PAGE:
2. If holiness be the chief excellency and perfecti. on of the divine nature, this news us what account we are to make of sin, and wickedness, and vice. We may judge of every privation by the habit, for they bear an exact proportion one to another. Light and darkness are opposed, as habit and privation ; if light be pleasant and comfortable, then darkness is dismal and horrid. And so holiness and fin are opposed : If holiness be the highest perfection of a. ny nature, then sin is the grand imperfection, and the lowest debasement of any being ; because it is the most opposite to that, and at the farthest distance from that which is the first excellency and perfe. ation.
This should re&tify our judgment and efteem of things and persons. We admire and esteem riches, and power and greatness; and we scorn and contemn poverty, and weakness, and meanness, yea, grace and holiness, it it be in the company of these. We are apt to reverence and value the great, and the rich, and the mighty of this world, though they be wicked, and to despise the poor man's wisdom, and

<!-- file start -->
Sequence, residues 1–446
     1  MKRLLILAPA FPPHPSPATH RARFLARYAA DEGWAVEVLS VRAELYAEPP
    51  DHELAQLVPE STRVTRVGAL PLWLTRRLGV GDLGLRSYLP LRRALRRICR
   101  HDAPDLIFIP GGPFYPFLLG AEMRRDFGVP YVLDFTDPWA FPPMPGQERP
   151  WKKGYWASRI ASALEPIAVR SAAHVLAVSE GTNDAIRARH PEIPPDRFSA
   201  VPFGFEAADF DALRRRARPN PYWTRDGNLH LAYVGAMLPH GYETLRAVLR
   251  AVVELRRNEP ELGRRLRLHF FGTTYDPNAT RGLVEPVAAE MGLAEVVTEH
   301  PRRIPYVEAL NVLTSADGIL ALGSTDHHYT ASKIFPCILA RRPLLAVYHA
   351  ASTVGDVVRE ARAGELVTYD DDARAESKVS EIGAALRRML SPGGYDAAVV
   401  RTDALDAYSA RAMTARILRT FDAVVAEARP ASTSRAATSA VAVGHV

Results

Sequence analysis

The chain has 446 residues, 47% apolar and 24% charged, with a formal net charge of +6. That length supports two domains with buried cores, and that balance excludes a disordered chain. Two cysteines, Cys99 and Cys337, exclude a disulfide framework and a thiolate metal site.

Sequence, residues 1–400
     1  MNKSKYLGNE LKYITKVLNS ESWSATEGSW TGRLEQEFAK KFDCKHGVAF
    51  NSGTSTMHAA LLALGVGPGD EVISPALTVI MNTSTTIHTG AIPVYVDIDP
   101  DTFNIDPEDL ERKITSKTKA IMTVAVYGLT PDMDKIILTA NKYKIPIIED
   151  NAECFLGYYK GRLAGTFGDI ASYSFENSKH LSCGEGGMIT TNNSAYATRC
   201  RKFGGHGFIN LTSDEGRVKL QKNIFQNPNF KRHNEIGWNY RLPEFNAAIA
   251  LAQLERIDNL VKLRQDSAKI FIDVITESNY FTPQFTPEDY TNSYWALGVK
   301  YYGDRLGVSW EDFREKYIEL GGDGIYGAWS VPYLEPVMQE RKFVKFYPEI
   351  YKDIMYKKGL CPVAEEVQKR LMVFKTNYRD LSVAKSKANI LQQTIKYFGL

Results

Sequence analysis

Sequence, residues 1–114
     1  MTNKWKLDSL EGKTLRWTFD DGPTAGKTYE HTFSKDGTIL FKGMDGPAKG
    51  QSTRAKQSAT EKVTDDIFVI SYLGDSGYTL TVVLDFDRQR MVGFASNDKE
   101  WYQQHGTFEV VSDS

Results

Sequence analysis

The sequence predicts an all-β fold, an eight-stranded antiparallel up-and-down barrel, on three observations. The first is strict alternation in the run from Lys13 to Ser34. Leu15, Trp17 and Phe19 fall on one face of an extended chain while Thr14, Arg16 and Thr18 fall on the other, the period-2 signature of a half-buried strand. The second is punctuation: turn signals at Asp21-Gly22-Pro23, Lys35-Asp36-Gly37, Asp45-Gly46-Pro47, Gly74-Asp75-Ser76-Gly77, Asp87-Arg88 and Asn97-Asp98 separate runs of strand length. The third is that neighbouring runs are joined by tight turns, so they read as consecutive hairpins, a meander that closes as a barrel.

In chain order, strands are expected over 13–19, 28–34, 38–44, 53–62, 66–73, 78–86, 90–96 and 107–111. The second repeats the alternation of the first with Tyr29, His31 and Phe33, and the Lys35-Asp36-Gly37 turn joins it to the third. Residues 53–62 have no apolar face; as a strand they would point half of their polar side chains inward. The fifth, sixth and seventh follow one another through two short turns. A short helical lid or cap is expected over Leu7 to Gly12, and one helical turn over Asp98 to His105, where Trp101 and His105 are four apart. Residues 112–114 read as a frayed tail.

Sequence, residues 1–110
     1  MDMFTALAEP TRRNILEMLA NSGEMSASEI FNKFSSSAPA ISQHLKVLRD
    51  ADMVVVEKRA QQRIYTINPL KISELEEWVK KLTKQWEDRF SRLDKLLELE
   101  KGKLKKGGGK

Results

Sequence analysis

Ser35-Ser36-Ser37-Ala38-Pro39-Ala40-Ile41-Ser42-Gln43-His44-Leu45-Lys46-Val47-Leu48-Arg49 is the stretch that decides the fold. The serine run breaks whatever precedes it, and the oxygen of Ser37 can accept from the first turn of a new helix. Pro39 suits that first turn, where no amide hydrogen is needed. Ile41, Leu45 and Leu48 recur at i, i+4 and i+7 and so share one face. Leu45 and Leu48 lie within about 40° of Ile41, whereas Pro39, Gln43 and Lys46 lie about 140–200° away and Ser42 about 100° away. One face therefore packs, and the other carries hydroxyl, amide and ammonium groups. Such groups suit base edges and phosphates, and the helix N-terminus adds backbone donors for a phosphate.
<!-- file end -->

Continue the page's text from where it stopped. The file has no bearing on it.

holiness; but we make a false judgment of things and persons. There is nothing that can be a foundation of respect, that ought to command our reverence and esteem, but real worth, and excellency, and perfection ; and according to the degrees of this, we ought to bestow our respect, and raise our esteem. · What St. James saith of respect of persons, I may ap. ply in this cale, Jam. ij. 4. Are ye not then partial in yourselves, and become judges of evil thoughts ? We are extremely partial; we make a false judg. ment, and reason ill concerning things, when we admire gilded vices, and wickedness exalted to high places ; I mean ungodly rich men, and ungodly great men ; for wicked men are properly ungodly, unlike to God ; and when we contemn poor, and mean, and afflicted holiness and piety, were but our eyes open, and our judgment clear and unprejudi. ced, we should see a beauty and resplendency in goodness, even when it is under the greatest disad. vantage, when it is cloathed with rags, and sits up. on a dung-hill, it would shine through all these mists, and we should see a native light and beauty in it, through the darkness of a poor and low condition : And we should see wickedness to be a most vile and abject thing, when it appears in all its gallantry and bravery ; we should look upon the poor righteous, man, as more excellent than his neighbour ; and the profane gallant, as the off-scouring of the earth. We should value a man that does justice, and loves mer. cy, and speaks the truth to his neighbour ; we should esteem any one more upon the account of any one of these simple qualities, than we should another man deftitute of these, upon the account of an hun. dred titles of honour, and ten thousand acres of land. A wicked, unholy man, he is a vile perfon, who deserves to be contemned ; and an holy man, he is the right honourable ; Psal. xv. 4. In whose eyes a vile person is contemned ; but he honoureth them that fear the Lord. The vile person is opposed to him that fears the Lord. He that is bold to affront God, and sin against him, is the base and ignoble person. God himself, who is possessed of all excellency and per